If you are concerned about a loved one’s ice (crystal methamphetamine) use, keeping the lines of communication open is an important way of keeping them connected to you, even at the most challenging of times. But, starting this conversation about a loved one's ice use can be tricky. Having that initial conversation may not meet all of your expectations and resolve everything, but it can be critical in setting the scene for further, ongoing conversations in which you are considered a trusted confidant. Here are some tips to getting started:
- Gather information to make sure you understand what ice is and its effects. Relate this information to what you are observing in your loved one and see whether it applies to their situation. Have a clear idea of what it is that concerns you about their ice use.
- Arrange a suitable time to talk where you will have some privacy and won’t be interrupted. You might have to do this in a location that your loved one feels comfortable in, rather than expecting them to come to where you feel comfortable. For some people, talking whilst looking into each other’s faces can feel very confronting, so think about whether you can walk and talk, talk whilst you are driving, or sit side-by side.
- Only start the conversation with someone when they are not currently under the influence of drugs. If this is difficult, try to pick a time when they seem less intoxicated than others (for example, in the morning). Try to avoid starting conversations when they are on their way out of the house.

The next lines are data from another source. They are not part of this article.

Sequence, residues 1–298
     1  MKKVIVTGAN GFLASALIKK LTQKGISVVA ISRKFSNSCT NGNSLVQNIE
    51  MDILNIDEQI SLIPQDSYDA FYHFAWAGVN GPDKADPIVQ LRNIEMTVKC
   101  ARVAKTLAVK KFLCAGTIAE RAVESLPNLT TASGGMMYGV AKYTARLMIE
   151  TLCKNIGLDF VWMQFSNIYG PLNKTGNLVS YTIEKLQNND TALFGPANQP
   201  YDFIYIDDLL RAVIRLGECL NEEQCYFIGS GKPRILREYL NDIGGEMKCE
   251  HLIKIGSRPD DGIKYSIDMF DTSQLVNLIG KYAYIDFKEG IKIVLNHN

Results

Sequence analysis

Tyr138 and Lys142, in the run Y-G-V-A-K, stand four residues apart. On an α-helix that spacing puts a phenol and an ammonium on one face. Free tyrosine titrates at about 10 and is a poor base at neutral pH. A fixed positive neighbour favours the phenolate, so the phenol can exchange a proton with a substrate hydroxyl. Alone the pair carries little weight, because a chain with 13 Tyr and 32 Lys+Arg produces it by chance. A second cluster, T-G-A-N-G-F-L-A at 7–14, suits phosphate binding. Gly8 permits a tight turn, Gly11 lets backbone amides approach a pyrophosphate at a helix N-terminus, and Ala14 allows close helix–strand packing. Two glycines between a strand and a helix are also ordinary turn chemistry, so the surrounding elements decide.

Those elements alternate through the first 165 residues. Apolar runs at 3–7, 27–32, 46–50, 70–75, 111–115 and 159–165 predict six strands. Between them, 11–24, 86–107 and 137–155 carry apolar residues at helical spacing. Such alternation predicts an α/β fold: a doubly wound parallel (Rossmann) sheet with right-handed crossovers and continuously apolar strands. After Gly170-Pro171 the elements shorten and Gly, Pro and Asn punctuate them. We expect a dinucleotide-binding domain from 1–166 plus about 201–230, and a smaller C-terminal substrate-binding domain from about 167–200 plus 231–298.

- It is OK to ask directly about their ice use; but don’t make assumptions that they are using the drug, how often, or why they use it. Use this as an opportunity to find out what it’s like in the life of your loved one. Aim to make the conversation relaxed and give the person a chance to express their views. A good way to start is with something like:
“I’ve noticed a few changes in you lately, and I’m a bit worried that you aren’t all that happy…what’s going on in your life at the moment?”, or
“How are your friends going? …I haven’t seen them in a while”, or
“I haven’t heard you talking much about uni or work at the moment…how’s that going?”
Have some specific examples ready that demonstrate the behaviours/issues that you are worried about, in case you get a “like what?” in response. Choose examples that also demonstrate your suspicions about their ice use.
- Don’t tell them what to do and try not to be judgemental. When people are having a hard time, the last thing they need is a lecture.
- Be sure to listen and express your concerns in a supportive and non-confrontational manner. Evidence suggests that “motivational” approaches are really helpful in starting these difficult conversations. Often encouraging a person to talk about the things that they “like” about their use is a good way to open up the dialogue between you. Remember, as devastating as ice use is, it is performing a function for the person using the drug (see Why do people use ice?).
- Understanding what this function is will be important in understanding how to help the person still get that need met, without using ice. Once they have spoken about this, you can change tact by saying “does ice always do these things for you or are there times when it’s not something to like?”.